FLOOD victims in Kogi and Niger States, whose houses and farmlands were devastated in the disaster which occurred in September, have said they are still waiting on the National Emergency Management Agency (NEMA) to keep its promises to assist with both relief materials and rehabilitation.
Adams Alli, a middle-aged resident of Adabode, a community in Kogi Local Government, revealed to The ICIR that since the flooding took place, no help at all from government has reached them, adding that he noticed SEMA officials recently visited Edegaki, a neighbouring community, to distribute cash.
“Two weeks ago, they brought a few people out and they gave them N10,000 each. At least 30 people from their community, but it did not get to us,” he said.
“We’ve not received any relief materials, but we have been hearing all sorts of information that so and so trailer of loads is coming to our side. We have been to their office in Lokoja, but they said it is not true, that it will be available the following week… but up till now, nothing.”
Sources in Niger State explained that, though food items were distributed to the affected villages, they are still hoping for construction materials with which to rebuild their damaged and wrecked homes. Bags of rice, beans, maize, as well as groundnut oil and beverages were distributed to the victims two weeks ago by officials of NEMA, who told them to expect more, they said. The materials were taken to the Local Government Secretariat in Lapai, and then to the riverine communities.
“I don’t know what they want us to be expecting, whether it will be zinc, cement and other building materials,” Yinusa Abdullahi, a resident of Muye, said.
Abdullahi added that, though the food is not so much compared to the large population of the communities, some of the supplies were taken by at the outset by the traditional rulers and members of the local government. “That is their own share; they have to take their own share,” he said in justification seconds later.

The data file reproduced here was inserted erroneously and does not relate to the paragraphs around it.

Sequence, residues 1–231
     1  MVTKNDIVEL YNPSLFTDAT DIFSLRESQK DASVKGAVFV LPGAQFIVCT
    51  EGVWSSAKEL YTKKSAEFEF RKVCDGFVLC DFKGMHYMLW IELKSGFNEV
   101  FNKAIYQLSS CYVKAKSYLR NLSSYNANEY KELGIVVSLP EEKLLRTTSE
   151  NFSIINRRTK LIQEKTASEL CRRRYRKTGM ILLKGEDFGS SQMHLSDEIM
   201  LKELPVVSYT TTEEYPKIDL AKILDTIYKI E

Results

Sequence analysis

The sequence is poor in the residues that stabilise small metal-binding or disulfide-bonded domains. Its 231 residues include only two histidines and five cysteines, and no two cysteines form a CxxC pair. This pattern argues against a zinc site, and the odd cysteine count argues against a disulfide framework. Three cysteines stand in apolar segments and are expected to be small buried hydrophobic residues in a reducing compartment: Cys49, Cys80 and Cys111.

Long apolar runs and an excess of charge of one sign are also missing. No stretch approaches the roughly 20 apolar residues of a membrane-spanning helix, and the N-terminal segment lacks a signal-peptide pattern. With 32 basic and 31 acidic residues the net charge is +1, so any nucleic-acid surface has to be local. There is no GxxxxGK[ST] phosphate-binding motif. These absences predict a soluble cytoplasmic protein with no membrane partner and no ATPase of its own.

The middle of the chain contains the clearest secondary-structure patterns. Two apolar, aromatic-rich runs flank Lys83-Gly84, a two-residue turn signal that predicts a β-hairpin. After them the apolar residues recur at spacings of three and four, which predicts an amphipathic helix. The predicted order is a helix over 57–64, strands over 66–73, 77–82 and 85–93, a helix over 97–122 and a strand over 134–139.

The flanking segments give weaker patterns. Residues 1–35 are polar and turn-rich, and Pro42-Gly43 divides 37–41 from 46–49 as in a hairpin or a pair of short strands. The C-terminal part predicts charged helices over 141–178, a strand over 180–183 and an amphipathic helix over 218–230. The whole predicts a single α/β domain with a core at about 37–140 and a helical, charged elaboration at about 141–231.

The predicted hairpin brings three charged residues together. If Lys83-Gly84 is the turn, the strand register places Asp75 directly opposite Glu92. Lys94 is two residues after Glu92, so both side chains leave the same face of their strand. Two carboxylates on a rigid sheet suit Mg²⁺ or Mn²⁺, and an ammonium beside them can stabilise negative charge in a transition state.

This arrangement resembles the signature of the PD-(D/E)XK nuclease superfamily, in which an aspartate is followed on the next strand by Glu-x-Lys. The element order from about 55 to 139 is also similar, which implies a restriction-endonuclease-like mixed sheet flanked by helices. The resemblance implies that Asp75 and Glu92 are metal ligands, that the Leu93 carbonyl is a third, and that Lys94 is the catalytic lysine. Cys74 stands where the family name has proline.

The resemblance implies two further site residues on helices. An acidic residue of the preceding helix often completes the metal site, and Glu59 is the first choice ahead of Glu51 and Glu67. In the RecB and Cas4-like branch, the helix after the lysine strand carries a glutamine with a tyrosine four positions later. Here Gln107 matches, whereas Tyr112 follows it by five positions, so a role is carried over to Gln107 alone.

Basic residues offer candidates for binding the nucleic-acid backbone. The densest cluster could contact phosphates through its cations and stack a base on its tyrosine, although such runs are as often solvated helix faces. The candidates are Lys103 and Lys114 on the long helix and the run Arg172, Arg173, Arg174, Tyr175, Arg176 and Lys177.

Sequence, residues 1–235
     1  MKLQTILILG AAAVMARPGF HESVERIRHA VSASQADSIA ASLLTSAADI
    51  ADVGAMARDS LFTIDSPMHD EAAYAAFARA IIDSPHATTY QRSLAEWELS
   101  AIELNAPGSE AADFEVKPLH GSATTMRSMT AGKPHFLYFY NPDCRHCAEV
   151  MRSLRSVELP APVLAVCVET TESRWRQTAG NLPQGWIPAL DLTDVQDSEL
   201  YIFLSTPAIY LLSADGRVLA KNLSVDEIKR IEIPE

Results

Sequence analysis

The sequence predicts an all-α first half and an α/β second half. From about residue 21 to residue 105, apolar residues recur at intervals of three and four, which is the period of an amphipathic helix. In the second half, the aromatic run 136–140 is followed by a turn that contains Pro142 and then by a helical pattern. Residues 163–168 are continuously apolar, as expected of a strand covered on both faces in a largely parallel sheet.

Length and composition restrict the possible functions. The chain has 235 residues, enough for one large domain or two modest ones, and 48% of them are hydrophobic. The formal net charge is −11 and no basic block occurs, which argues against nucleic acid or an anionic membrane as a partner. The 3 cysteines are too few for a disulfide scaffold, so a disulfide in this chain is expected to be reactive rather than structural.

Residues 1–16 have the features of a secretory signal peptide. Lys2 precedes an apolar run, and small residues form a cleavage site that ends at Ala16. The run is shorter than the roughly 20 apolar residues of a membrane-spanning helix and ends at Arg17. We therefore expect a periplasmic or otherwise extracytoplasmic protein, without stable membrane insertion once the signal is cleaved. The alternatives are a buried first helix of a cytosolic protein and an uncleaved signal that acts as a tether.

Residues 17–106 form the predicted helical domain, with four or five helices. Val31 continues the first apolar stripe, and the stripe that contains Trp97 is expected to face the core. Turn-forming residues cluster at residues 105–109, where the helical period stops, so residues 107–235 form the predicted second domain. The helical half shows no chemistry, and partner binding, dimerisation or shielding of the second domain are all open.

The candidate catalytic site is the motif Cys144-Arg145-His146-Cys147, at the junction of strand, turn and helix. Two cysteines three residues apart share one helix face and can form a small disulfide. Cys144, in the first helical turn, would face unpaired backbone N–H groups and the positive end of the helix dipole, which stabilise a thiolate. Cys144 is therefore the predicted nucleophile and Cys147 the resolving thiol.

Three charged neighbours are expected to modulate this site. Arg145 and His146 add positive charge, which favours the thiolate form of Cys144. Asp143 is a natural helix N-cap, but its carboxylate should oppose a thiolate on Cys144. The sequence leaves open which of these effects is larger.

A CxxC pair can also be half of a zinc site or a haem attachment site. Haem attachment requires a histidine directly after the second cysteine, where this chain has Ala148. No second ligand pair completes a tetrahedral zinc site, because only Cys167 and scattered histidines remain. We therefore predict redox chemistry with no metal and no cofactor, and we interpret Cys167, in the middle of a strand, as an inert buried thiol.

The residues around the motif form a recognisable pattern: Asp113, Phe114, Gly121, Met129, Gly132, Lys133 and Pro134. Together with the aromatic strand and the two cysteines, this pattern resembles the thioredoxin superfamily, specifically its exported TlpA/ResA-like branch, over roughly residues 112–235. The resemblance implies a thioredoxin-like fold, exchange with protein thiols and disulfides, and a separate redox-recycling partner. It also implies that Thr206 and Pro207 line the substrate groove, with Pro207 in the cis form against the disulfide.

“But what we are requesting now is the building materials. We need more assistance. Those that their buildings were condemned, they should come and see them to give them their properties… That should be better.”
He recommended that officials of the emergency management agency visit each community to ensure that they rehabilitative assistance based on their needs, as while some villages were not affected at all, the level of destruction varies in others. He also said though he heard cash was shared to some victims in the local government, it did not get to his own community.
Haliru Doba, who lives in the neighbouring community of Doba, however, confirmed that residents were beneficiaries of the cash distribution. Though he did not personally get after putting down his details, most of those who wrote their phone numbers were eventually credited N10,000 each between October and November.
The organisation that supervised the distribution, he said, was Eyowo Payment, a mobile solution that allows users to send, receive money and pay bills using only their phone numbers. The platform partners with the Federal Government’s Trader Moni scheme to get money to the beneficiaries. However, calls placed to their helpline for enquiries about the relief efforts were not answered.
Haliru also said, two weeks earlier, various food items were shared including rice, beans, maize, and groundnut oil. “What remains is just building materials,” he added.